She prepared herself to touch the black pulsing evil of the Level Two before her. She embraced her terror, and at the same time emptied herself of will. She sensed that, when making contact with the Powers, any remnant of volition would be seized upon and devoured. So in that state of terror and emptiness, she extended a strand of her soul and slowly forcing it closer, touched the tendril.

At once all the Ab-Norm's tendrils stiffened and began to surge inward. The central core swelled larger, and the surrounding shadow nimbus was absorbed into that expanding core. The whole entity became a dense black sphere, which then split and opened, yawning into a cup-like rim with a hollow within, seething with hate and hunger. It leapt at Darlai's spirit.

That first touch had sent shudders of revulsion and madness through her, but when the maw rushed forward to swallow her, Darlai felt her protective terror suddenly deflate to calm acceptance, and her thrill at danger subside into a love of death. She longed to let the Ab-norm utterly surround her, enter her, become her —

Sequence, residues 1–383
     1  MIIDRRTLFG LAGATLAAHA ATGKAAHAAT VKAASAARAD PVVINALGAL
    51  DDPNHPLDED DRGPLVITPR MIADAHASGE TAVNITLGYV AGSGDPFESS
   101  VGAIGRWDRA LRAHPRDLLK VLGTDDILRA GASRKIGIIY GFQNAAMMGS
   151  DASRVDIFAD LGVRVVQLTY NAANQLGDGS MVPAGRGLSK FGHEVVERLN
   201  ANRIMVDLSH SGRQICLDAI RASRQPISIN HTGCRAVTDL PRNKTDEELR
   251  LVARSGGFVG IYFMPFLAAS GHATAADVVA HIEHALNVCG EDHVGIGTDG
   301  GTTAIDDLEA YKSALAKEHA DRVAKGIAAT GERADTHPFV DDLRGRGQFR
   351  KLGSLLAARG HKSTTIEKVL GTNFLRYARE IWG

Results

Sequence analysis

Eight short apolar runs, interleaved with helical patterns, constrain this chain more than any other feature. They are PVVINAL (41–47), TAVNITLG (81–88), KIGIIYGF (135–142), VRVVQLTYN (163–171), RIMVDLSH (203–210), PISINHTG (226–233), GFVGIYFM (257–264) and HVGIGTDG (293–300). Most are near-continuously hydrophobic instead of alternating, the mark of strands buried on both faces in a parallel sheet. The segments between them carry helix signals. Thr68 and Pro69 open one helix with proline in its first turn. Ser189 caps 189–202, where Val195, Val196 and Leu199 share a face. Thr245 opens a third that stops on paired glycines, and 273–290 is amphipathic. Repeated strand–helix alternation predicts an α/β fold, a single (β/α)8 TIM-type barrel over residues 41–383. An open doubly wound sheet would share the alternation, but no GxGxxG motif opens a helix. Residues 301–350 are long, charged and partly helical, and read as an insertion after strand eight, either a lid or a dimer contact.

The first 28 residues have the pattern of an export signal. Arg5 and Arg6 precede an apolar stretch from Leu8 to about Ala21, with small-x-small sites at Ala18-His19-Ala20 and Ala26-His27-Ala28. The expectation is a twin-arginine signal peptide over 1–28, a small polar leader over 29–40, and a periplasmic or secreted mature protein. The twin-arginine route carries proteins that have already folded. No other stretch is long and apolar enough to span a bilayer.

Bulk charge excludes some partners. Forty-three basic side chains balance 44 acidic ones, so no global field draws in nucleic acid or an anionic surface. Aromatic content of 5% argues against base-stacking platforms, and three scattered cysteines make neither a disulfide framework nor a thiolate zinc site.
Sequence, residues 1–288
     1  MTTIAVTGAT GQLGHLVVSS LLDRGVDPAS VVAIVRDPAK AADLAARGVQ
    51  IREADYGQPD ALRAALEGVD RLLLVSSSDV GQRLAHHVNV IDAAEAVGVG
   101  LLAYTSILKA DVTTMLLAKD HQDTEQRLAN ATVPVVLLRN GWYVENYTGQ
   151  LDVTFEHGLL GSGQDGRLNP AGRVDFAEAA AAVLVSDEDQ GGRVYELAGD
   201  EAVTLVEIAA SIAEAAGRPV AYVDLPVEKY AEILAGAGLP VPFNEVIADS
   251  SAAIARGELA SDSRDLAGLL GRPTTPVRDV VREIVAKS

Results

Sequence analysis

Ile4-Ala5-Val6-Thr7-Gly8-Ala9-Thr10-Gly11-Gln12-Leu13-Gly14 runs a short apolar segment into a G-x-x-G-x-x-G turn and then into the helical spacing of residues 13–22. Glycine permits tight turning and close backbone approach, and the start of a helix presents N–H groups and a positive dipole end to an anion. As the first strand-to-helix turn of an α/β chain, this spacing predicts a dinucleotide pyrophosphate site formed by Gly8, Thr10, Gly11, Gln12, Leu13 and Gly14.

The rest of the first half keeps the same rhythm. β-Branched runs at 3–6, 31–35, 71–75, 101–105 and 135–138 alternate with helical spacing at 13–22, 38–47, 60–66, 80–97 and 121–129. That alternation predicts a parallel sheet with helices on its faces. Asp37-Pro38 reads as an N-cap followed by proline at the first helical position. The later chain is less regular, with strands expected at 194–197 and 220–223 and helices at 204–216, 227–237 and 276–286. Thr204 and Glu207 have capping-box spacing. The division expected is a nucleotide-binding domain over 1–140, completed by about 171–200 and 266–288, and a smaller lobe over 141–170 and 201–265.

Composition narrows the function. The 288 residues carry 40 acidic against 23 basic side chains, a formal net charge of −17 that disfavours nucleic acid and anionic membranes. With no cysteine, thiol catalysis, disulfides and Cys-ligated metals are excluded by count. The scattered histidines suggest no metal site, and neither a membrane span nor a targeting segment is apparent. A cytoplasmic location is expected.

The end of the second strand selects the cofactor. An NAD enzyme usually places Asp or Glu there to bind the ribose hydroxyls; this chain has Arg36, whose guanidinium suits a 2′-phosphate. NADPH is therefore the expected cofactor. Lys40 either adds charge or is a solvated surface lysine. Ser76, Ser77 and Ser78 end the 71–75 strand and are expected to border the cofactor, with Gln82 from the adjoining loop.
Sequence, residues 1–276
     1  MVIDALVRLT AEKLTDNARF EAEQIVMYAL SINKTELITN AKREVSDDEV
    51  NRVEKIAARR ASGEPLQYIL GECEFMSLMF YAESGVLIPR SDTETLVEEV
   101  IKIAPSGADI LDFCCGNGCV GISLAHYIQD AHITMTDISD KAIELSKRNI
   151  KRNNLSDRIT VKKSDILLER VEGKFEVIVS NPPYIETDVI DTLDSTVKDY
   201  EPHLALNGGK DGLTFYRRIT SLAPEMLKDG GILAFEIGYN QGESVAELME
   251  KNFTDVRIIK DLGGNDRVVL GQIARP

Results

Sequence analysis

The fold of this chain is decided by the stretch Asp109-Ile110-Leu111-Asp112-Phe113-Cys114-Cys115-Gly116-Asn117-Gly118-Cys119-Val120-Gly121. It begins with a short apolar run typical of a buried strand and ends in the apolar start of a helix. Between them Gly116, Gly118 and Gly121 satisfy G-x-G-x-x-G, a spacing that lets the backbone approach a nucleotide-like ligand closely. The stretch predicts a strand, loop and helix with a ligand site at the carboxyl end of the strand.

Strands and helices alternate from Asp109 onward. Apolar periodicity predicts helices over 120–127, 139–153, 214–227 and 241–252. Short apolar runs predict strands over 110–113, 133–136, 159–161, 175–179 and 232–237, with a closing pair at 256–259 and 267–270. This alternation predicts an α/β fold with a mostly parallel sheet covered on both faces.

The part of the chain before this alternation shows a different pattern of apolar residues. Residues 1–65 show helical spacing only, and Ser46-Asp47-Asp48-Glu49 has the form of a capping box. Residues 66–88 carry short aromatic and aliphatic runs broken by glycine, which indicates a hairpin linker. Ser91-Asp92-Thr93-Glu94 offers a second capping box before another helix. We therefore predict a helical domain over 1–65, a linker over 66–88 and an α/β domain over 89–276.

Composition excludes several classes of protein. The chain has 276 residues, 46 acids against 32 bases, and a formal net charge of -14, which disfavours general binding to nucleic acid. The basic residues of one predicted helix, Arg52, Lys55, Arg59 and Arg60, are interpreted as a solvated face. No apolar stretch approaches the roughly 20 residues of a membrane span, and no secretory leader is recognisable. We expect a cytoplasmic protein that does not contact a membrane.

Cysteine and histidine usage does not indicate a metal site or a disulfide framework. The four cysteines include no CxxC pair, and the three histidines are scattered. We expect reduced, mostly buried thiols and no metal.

Not yet! She flinched away, grasped desperately at her purpose. She must do her utmost for the Program. Though she longed with growing power to surrender, to let the entity rule her spirit and free her from pain, she sought for that terror she had once prized. It was faded, like an almost forgotten memory, but she grasped for it and pulled it close. With its energizing force she tore herself from the pull of the Ab-Norm's maw. She spun aside and retreated behind another, more diffuse Ab-Norm nearby.